The New York Department of Financial Services (NYDFS) has announced that it is considering creating a special type of transitional BitLicense tailored to the needs of small businesses and startups.
The special licensure would allow bitcoin startups that meet certain criteria to operate within a more flexible regulatory framework for a yet-to-be-determined period of time, during which examinations of the business would be conducted.
The formal announcement of the NYDFS’ shift in strategy came during superintendent Benjamin M Lawsky's keynote speech on the opening day of Money 20/20, an ongoing five-day conference to feature talks from other industry luminaries including Cameron and Tyler Winklevoss, Circle CEO Jeremy Allaire and Blockchain CEO Nicolas Cary, among others.
In prepared remarks, Lawsky framed his department’s decision as one that illustrates how the NYDFS is seeking to respond to criticisms it has faced from the bitcoin community during the regulation’s 90-day comment period.
“One issue that we heard about consistently throughout the entire comment period is a concern about the compliance costs of regulation on new or fledgling virtual currency enterprises ... There has to be a way for startups to start up and play by the rules without getting crushed by huge compliance costs.”
In addition, Lawsky announced that the NYDFS may also seek to designate a “small group of specialized examiners” that will oversee such companies and their license applications, and thereby help ease the burden for startups.
Lawsky went on to present a list of factors that the NYDFS may consider when deciding whether to grant its proposed Transitional BitLicense.
- Anticipated transactional and business volume
- The mitigating risk controls already in place (eg: a bond or other insurance)
- The nature and scope of the applicant’s business
- Whether the entity is registered with FinCEN as a money services business.
The NYDFS’ latest proposal, Lawsky added, was inspired by the host of letters his agency has received from the bitcoin community. Further, he remarked that he hopes the letters will soon be made public.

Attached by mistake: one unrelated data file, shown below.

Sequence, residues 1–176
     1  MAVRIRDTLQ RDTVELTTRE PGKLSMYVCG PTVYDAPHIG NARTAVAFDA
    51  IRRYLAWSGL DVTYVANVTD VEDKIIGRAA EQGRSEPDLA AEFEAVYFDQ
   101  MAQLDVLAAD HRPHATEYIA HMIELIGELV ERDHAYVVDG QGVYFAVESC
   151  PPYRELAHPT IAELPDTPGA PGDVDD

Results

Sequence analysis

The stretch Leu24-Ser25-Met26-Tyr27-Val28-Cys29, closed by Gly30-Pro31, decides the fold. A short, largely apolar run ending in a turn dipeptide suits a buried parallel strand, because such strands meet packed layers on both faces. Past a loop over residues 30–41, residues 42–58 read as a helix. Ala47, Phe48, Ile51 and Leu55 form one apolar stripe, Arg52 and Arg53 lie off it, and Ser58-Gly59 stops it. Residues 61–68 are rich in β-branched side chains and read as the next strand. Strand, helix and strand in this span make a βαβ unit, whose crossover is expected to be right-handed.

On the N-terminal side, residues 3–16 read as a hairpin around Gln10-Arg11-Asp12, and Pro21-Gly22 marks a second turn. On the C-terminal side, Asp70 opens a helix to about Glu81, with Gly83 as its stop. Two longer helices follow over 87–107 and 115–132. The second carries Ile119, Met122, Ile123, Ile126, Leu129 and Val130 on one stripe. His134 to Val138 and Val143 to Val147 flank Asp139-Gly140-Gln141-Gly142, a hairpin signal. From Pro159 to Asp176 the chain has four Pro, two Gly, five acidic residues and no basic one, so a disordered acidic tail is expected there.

Lawsky remarked that he hopes the NYDFS will be able to “strike a balance” between maintaining consumer protections and enabling the bitcoin industry to grow.
“Our hope that innovative new companies – committed to doing things the right way – will want to do a lot of business in New York, the financial capital of the world,” he said.
Commitment to consumers
Throughout the remarks, Lawsky stressed that despite easing the burden for bitcoin startups, his department remains committed to protecting consumers from illicit activity.
“We cannot turn away from the vital task of preventing money laundering – which facilitates sometimes unspeakable crimes,” Lawksy said, striking a similar refrain as at the NYDFS BitLicense hearings this January.
Lawsky stressed that digital currency startups that engaged in misconduct would face significant penalties, and that all firms operating under any version of the license would have to meet strong anti-money laundering (AML) and capital standards. However, Lawsky suggested that there is a potential for startups to outsource such compliance risks, adding:
“We have faced similar issues among the smaller, community banks we regulate. We recognize that if a financial firm has 12 employees – and nine of them are compliance officers – that is not a winning business model."
Lawsky concluded by suggesting that the latest BitLicense revision would soon be made available for public comment and that a final version would be released this January.